DUBAI, UNITED ARAB EMIRATES – Tens of thousands of Muslims, from Pakistan to Lebanon to the Palestinian territories, poured out of prayer services to join anti-France protests on Friday, as the French president's vow to protect the right to caricature the prophet Mohammed continues to roil the Muslim world.
Hard-line Islamic groups across the region have seized on the French government's staunch secularist stance as an affront to Islam, rallying their supporters and stirring up rage.
Demonstrations in Pakistan's capital, Islamabad, turned violent as some 2,000 people who tried to march toward the French Embassy were pushed back by police firing tear gas and beating protesters with batons. Crowds of Islamist activists hanged an effigy of French President Emmanuel Macron from a highway overpass after pounding it furiously with their shoes. Several demonstrators were wounded in clashes with police as authorities pushed to evict activists from the area surrounding the embassy.
In Pakistan's eastern city of Lahore, an estimated 10,000 followers of the radical Islamic Tehreek-e-Labbaik party celebrating the Mawlid, the birthday of the prophet Mohammed, took to the streets. They chanted anti-France slogans, raised banners and clogged major roads en route to a Sufi shrine.
"There's only one punishment for blasphemy," bellowed Khadim Hussain Rizvi, a fiery cleric leading the march.
"Beheading! Beheading!" the protesters yelled back.
The demonstrations, largely led by Islamist parties across the region, come amid rising tensions between France and Muslim-majority nations, which flared up earlier this month when a young Muslim beheaded a French schoolteacher who had shown caricatures of the prophet Mohammed in class.
The images, republished by the satirical magazine Charlie Hebdo to mark the opening of the trial for the deadly 2015 attack against the publication, have stirred the ire of Muslims across the world who consider depictions of the prophet blasphemous. On Thursday, a knife-wielding Tunisian man carrying a copy of the Qur'an killed three people at a church in the Mediterranean city of Nice. He is hospitalized after being shot by police.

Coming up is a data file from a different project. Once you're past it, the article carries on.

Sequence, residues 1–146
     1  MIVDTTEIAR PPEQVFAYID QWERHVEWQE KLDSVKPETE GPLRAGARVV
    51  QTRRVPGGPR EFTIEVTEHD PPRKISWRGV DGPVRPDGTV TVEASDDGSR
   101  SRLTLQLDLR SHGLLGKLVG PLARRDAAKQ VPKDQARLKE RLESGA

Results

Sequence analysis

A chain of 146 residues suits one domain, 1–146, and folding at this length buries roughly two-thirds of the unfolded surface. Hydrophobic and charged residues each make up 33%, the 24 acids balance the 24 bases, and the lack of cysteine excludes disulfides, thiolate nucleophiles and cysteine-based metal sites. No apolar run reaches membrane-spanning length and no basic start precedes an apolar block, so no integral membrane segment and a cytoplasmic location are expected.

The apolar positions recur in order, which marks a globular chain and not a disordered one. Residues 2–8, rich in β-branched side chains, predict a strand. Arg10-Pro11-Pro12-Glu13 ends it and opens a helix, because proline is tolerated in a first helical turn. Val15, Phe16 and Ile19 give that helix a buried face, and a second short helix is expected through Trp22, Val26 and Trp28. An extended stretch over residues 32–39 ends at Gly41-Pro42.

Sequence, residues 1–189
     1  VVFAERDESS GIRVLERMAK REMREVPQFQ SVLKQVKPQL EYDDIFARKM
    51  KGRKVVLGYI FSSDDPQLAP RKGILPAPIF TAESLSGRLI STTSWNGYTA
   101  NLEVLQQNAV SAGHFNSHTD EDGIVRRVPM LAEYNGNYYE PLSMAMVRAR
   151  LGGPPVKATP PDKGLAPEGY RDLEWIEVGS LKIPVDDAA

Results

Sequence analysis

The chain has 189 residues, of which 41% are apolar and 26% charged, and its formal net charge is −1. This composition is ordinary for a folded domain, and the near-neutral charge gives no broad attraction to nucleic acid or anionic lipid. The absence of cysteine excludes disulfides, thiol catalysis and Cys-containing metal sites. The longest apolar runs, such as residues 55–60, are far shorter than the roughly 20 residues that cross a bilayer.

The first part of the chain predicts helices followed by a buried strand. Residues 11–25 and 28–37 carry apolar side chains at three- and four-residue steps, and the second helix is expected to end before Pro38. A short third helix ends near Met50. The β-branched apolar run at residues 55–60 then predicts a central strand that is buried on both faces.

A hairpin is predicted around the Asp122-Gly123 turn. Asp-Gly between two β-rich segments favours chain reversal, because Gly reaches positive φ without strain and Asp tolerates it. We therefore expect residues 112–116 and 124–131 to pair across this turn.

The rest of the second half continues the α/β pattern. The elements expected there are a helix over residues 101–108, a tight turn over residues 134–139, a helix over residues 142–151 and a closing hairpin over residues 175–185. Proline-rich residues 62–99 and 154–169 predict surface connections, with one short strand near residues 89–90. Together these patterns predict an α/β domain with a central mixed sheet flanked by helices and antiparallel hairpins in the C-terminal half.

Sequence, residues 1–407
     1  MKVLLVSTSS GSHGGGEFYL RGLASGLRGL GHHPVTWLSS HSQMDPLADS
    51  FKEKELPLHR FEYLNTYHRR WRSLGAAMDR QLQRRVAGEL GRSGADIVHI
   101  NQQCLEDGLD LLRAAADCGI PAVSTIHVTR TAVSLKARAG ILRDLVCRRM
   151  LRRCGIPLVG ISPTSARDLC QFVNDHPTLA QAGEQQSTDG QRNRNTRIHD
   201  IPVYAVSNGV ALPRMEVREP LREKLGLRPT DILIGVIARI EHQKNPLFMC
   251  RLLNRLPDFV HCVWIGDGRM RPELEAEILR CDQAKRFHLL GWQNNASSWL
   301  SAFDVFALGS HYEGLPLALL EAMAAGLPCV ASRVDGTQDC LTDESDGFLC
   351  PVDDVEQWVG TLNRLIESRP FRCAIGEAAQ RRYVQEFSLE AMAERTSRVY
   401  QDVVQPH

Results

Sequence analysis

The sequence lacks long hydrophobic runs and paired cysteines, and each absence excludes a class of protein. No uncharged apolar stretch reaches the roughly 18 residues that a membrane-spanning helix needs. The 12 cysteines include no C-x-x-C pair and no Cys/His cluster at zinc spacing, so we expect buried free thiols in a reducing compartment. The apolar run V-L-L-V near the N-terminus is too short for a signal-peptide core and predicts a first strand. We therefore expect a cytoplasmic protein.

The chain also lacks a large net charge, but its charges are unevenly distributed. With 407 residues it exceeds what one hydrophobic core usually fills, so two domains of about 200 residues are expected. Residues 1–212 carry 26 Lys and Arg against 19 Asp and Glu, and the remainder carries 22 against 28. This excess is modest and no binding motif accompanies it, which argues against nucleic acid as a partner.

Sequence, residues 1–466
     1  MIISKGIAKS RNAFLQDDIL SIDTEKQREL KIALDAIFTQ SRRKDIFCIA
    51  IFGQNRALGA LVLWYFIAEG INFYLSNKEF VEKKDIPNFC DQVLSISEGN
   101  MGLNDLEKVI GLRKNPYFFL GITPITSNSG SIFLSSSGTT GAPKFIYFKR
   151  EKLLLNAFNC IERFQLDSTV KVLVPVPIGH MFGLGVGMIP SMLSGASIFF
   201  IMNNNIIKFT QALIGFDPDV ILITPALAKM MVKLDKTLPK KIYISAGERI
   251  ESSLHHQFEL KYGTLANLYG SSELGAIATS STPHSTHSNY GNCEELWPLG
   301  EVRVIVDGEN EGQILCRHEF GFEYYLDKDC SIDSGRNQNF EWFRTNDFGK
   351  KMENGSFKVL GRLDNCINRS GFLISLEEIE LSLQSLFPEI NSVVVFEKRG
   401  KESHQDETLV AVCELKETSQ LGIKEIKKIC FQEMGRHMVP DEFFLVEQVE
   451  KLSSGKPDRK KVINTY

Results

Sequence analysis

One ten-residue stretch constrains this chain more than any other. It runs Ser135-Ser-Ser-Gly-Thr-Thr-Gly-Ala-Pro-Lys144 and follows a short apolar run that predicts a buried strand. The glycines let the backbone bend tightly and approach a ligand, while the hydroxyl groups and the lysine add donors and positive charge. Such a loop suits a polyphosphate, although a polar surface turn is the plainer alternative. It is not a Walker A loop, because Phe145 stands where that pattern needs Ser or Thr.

French authorities said Friday that they had arrested a man suspected of being in contact with the attack suspect.
A few hundred demonstrators in Lebanon's capital, Beirut, flocked toward the Palais des Pins, the official residence of the French ambassador to Lebanon, but found their way blocked by lines of police officers in riot gear. Waving black and white flags with Islamist insignias, the Sunni Islamist activists cried, "At your service, oh prophet of God." Some slung stones at police who responded with smoke and tear gas.
The anti-France protests in Lebanon is an embarrassment for Prime Minister-designate Saad Hariri, who is trying to form a new government that would implement a French plan for reform. France, Lebanon's former colonial ruler, has been helping the country chart a course out of its spiraling economic and financial crisis.
In Istanbul, Turkey's largest city, worshipers thronged a Shiite mosque after Friday prayers, chanting religious slogans and holding signs lampooning Macron. Turkey has led regional condemnation of the French president, with President Recep Tayyip Erdogan's verbal attacks on Macron prompting France to recall its ambassador to Turkey last weekend.
Hundreds of Palestinians also protested against Macron outside the Al-Aqsa Mosque in Jerusalem, the third holiest site in Islam, chanting, "With our souls and with our blood we sacrifice for our prophet, Muhammad." Some youths scuffled with Israeli police as they exited the esplanade into the Old City. Israeli police said they dispersed the gathering and detained three people.